This combination is a common theme in picking a Friday Night Film. Jan de Bont’s Speed (1994) does this equally as well as Burton’s Batman, effecting the race-against-time concept to critical levels, mixing a sense of real peril with exaggerated action sequences and daft but meaty dialogue. If you like your thrillers more serious, Luc Besson’s Nikita (1990) goes there and back again: the story of a delinquent turned assassin is tough, unyielding, relentless and affecting in equal measures. 

Cult survival thriller Southern Comfort (1981) follows a group of National Guards as they fall prey to the violent intentions of backwoods locals – a less intense version of Deliverance (1972) and would be a good bit of prep for that film on Saturday night. Kurt Russell is also hunted by hillbilly types in the lesser-known Breakdown (1997) which moves on rails through a threatening desert landscape.

Antonia Bird’s Face (1997) is an interesting and underrated gangster film that achieves the fine balance between the soft and hard edges of the thriller. More broadly comic but still with an edge, Snatch (2000) cracks out the one-liners effortlessly, while making a fairly complicated plot easy to follow and very entertaining.

Scare Yourself Silly.

Ringu (dir. Hideo Nakata, 1998)

For horror fans, Friday night seems made for the genre and there are plenty of great chillers to choose from. You could choose to go back to the classic J-horror era of the 90s with Hideo Nakata’s Ringu (1998) to really up the chill factor. Turn off the lights, pour a whisky and hide behind your pizza box as the curse spreads to your old VHS player and Sadako comes for you…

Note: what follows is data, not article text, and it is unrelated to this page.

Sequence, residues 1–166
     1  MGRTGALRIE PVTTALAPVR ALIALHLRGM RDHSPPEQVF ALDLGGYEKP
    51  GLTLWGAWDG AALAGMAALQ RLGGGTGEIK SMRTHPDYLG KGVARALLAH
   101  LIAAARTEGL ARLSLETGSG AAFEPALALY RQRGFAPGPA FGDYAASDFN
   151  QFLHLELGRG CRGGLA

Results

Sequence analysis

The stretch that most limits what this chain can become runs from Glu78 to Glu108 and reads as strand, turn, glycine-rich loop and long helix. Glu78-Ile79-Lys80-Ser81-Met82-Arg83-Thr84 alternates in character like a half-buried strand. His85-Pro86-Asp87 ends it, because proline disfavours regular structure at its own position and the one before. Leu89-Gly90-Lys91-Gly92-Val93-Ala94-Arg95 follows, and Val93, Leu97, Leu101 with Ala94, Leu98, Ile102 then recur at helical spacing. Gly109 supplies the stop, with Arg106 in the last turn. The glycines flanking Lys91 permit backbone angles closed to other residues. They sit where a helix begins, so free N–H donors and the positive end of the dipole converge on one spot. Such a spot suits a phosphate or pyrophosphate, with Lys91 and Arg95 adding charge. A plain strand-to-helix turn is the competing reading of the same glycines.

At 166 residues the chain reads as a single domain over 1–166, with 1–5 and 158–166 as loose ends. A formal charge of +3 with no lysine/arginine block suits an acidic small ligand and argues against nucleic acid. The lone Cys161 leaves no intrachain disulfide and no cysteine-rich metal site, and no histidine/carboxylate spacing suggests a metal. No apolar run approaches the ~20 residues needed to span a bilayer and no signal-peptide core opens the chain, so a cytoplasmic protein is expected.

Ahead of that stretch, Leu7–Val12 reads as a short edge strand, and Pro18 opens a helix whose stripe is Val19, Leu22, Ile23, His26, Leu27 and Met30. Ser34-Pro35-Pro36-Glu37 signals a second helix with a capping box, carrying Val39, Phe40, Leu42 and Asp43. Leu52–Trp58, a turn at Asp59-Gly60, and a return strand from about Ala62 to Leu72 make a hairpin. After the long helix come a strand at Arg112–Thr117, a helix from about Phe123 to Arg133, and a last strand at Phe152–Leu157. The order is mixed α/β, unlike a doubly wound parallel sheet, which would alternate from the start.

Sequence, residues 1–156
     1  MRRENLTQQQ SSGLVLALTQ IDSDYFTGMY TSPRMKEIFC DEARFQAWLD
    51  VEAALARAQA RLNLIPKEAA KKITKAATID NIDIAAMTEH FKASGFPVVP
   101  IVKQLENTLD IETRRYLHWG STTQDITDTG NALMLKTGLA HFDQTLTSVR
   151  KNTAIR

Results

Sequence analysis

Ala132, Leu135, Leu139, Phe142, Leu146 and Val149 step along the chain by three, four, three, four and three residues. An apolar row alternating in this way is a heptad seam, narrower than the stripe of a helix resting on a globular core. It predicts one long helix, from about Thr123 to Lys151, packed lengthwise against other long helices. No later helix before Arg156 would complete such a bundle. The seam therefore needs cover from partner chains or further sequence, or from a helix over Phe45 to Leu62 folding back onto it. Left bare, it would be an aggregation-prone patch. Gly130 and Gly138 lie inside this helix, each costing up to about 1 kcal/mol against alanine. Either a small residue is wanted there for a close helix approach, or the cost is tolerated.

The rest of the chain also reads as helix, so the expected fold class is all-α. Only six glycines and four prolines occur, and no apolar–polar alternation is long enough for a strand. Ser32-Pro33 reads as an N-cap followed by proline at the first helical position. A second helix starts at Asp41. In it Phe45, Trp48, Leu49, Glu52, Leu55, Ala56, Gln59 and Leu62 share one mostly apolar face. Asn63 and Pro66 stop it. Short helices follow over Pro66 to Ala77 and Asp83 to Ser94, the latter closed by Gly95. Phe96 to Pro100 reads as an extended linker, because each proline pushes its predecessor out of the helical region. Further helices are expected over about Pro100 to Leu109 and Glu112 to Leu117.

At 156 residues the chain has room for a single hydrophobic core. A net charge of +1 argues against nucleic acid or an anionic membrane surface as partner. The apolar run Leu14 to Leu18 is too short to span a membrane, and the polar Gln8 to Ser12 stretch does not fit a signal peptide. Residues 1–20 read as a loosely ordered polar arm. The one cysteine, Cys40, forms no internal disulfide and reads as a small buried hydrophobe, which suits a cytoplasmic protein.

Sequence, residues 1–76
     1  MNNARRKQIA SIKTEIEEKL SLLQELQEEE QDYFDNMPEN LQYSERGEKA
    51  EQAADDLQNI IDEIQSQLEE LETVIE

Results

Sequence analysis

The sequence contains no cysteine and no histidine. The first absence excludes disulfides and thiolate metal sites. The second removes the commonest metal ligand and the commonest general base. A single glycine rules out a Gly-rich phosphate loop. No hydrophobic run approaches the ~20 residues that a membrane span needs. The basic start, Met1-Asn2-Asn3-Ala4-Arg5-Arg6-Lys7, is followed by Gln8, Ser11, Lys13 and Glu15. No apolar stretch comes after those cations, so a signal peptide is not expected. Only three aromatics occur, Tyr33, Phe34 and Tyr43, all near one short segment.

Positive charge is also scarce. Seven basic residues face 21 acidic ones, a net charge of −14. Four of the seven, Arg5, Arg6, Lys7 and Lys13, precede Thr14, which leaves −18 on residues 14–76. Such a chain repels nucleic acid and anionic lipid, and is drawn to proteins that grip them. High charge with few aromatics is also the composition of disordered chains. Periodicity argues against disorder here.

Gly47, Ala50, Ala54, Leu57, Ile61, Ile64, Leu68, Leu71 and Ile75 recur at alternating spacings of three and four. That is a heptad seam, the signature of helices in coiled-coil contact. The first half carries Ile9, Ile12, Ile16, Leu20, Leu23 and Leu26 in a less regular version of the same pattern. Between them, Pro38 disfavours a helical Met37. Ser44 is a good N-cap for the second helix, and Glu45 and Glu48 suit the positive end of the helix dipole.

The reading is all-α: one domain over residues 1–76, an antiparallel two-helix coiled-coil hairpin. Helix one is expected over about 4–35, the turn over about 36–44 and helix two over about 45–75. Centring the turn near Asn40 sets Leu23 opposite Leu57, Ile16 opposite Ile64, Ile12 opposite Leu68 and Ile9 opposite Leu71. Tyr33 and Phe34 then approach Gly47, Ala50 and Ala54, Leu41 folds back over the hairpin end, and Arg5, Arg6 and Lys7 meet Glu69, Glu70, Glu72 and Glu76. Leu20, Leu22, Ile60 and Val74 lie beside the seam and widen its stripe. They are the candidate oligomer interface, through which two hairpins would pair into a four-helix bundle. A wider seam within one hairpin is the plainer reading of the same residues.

David Cronenberg’s The Fly (1986) balances the key ingredients of great story, great performances and fascinating ideas with visceral creature effects that might be best paused until the pizza is done. The Shining is another classic horror that finds its true place on Friday night, intensely creepy and compulsively watchable in the same breath. Stanley Kubrick didn’t ignore the sense of fun horror can possess, mainly found in Jack Nicholson’s wry performance, and Scream (1996) takes this further by offering a riotous busting of genre tropes, while effectively creating some very suspenseful scenes in its own right.

The Healing Power Of Laughter.

The Naked Gun (dir. David Zucker, 1988)

It really comes down to having a good time: fun is the name of the game when selecting your Friday Night Film. But what makes a film fun? Profound entertainment comes from all the ingredients being cooked to perfection so you’re looking for good story, strong dialogue, great performances, palpable atmosphere and clever camerawork. Watch Rocky (1976) to see how it’s done. But maybe you just need a good outright chuckle and this selection of comedies will certainly provide the cheering up you need after a long week at work.

Reiners Carl and Rob are first up with their films The Man With Two Brains (1983) and This Is Spinal Tap (1984) respectively: the first film follows Steve Martin’s brilliant but love-starved brain surgeon who first falls victim to scheming femme fatale Kathleen Turner in the wake of his wife’s death and then falls in love with a disembodied brain. In This Is Spinal Tap, a rock band are documented by a filmmaker in one of the first mockumentaries to be produced. It’s a great commentary on the egos and pretension of the music industry and, like The Man With Two Brains, has laughs a-plenty.